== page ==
"On the Lot," the new TV show from realitymeister Mark Burnett and Hollywood legend Steven Spielberg, is the latest attempt to translate the ambition and skills of a particular group of individuals into reality television. The result is entertaining in a rubbernecking, trainwreck sort of way, not so much as a legitimate view into the creative processes of filmmaking.
The premiere episode (which aired Tuesday night after the first night of the "American Idol" finale; the Fox network is no dummy) started with fifty aspirants for the grand prize of a $1 million development deal at Dreamworks Pictures. After an initial task in which each contestant was given a log line for which they had to develop and deliver a pitch, the field was narrowed to 36.
The episode was filled with the kind of reality TV conventions that populate all of Burnett's programs (which include "Survivor" and the now-defunct "The Apprentice"). We got "up close and personal" glimpses at select contestants, including a Texas family man with two kids for whom "On the Lot" is supposedly his "last chance" to make it in Hollywood (he apparently wasn't trying too hard before this if he lives in Texas) and an Indiana boy who is seen strolling along the railroad tracks in his hometown (something I'm sure he really does on a regular basis). We got alternating pulsatingly tense or langorously melancholy accompaniment music, depending on whether the footage being shown was meant to be tense or melancholy. We got dramatic sweeping crane shots of the contestants getting a bus tour of Hollywood and walking along a studio lot. We got contrived stand-up segments in which a contestant discussed their emotions about the proceedings or the details of the task at hand (evidently, reality show contestants just naturally speak in a fashion that effortlessly provides exposition for such matters).
Along with all of this we got ticking clocks (figuratively speaking) as contestants rushed to prepare their pitches, tearful (or, alternately, confident) confessionals from contestants, and earnest platitudes from the three judges (my favorite: film director Garry Marshall wishing, during the contestant pitches, that someone would pitch lunch). Marshall was joined in the adjudicating by fellow director Brett Ratner and Princess Leia herself, Carrie Fisher. Their motivations for participating in such a contrived endeavor are unclear; Marshall and Ratner perhaps owed Spielberg favors, while Fisher, unfortunately, was probably just in need of work.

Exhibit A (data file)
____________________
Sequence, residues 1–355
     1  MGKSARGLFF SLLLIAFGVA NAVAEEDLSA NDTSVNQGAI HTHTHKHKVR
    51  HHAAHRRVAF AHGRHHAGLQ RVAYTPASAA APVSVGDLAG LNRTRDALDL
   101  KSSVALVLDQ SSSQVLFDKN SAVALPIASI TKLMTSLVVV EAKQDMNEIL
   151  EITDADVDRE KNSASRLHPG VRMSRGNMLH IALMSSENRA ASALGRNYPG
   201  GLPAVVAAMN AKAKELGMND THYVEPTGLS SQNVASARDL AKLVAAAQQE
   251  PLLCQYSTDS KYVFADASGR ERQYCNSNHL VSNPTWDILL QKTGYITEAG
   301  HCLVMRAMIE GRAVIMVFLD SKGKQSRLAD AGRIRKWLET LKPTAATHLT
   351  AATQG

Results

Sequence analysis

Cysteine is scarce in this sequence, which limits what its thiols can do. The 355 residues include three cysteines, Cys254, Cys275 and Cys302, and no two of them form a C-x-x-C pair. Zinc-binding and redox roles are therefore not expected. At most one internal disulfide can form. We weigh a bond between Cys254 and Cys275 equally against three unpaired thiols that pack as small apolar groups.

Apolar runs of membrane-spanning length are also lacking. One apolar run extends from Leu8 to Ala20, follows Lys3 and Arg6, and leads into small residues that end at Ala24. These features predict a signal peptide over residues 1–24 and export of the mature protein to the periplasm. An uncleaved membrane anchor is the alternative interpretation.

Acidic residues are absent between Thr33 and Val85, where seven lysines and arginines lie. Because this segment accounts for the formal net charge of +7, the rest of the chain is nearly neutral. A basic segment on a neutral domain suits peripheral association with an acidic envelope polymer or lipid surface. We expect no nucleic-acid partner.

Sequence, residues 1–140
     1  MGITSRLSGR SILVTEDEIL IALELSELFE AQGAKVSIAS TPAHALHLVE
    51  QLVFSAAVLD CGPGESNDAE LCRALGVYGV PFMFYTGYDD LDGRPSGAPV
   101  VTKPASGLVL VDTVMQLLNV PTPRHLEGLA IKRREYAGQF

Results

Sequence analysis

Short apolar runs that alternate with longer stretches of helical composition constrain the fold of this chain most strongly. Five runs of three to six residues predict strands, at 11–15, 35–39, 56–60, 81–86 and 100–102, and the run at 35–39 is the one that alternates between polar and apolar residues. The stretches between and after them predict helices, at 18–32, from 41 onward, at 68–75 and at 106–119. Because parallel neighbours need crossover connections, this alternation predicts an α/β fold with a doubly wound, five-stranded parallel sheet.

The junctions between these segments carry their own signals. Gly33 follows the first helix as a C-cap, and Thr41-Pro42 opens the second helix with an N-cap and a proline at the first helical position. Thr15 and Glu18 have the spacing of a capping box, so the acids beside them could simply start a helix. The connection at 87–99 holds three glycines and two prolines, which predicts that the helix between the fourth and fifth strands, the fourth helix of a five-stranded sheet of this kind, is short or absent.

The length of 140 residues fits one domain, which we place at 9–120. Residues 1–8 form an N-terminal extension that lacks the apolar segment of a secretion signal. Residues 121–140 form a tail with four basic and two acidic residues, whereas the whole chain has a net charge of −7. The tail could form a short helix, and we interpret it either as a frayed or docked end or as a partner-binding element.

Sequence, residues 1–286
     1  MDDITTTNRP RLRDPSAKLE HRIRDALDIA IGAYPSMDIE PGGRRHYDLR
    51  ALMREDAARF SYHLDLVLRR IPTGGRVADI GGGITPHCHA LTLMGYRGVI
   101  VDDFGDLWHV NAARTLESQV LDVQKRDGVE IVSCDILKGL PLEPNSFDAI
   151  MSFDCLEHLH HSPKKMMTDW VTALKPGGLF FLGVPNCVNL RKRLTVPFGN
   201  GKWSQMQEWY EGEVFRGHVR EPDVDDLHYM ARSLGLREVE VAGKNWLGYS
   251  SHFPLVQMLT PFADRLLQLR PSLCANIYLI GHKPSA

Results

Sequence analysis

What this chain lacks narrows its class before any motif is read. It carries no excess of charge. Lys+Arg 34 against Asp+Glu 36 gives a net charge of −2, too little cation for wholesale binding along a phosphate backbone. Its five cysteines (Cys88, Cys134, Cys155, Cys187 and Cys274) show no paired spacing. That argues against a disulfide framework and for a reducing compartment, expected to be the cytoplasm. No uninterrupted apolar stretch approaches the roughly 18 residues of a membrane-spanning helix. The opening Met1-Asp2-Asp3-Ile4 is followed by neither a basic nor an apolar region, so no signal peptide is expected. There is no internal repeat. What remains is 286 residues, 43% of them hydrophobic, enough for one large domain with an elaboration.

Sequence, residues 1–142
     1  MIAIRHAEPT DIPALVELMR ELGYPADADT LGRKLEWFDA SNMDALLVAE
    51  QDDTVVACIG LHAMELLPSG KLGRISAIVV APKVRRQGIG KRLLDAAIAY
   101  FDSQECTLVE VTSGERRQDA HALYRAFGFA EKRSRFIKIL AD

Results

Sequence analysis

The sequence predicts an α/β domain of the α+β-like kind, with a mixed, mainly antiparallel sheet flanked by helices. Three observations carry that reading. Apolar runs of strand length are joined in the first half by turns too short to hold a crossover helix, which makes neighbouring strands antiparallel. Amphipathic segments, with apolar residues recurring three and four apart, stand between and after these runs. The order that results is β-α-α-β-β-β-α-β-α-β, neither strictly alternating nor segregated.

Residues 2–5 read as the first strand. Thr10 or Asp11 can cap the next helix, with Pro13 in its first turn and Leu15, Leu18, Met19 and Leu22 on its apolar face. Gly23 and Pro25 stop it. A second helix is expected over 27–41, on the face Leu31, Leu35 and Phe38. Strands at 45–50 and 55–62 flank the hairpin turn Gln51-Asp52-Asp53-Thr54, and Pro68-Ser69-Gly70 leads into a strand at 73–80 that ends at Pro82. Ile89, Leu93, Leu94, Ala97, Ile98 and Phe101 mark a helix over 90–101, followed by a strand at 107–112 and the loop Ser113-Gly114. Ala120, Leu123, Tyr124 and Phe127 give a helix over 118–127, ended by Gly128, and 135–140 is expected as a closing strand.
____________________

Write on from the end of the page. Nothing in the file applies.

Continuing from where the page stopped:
Traces of Spielberg himself were conspicuously absent from the premiere of "On the Lot," which suggests any number of things: his involvement in the show begins and ends with having lent his name and prestige in exchange for fiduciary gain; he was initially involved but then bailed when it became clear that "On the Lot" was off the rails; or the producers are saving any mention or appearance of the auteur for carefully rationed moments that can by hyped as excessively as his association with the program was during the promotional run-up to the premiere.
One of the chief problems with "On the Lot" is one that has plagued other Burnett productions, especially "The Apprentice." Namely, the tasks and the dynamics of those tasks have no resemblence to how filmmaking actually works or to how these contestants might be asked to practice filmmaking were they to win the grand prize. In both "The Apprentice" and "On the Lot" the flawed formula is the same: contestants are given severely time-limited tasks in which they are forced to work with their competitors to achieve an artificial goal. In "The Apprentice," this meant that contestants butted heads with each other over power and division of labor to accomplish questionable business goals. In "On the Lot," a similar unrealistic dynamic obtains when the aspiring directors are grouped in threes and asked to complete a short film in 24 hours, all while trying to co-direct their project. This task made for some fiery footage of contestants in conflict with one another, but has no resemblence to an actual film set on which the director is also a dictator whose authority is rarely challenged even by studio executives or producers who might have grounds to do so. Also unrealistic is the overnight pitch preparation for concepts that were essentially drawn out of a hat; its hard to imagine both the circumstances under which a film director might be asked to this and also the benefit for the aspirants for having done so.
It's hardly news, though, that reality television isn't realistic. Perhaps "On the Lot" will get better as the summer weeks go by, but I'm not holding my jodphurs in hopes that it will. A few more weeks down the road the contestants will at least begin working as solo directors rather than as one-third of a director, like they did in the premiere. Hopefully it has occurred to the producers that at some point they ought to actually show the home audience some (all?) of the films that the contestants have been making. And, maybe, just maybe, Spielberg will show his face at some point during the competition--although if he's smart, he'll remain off the lot.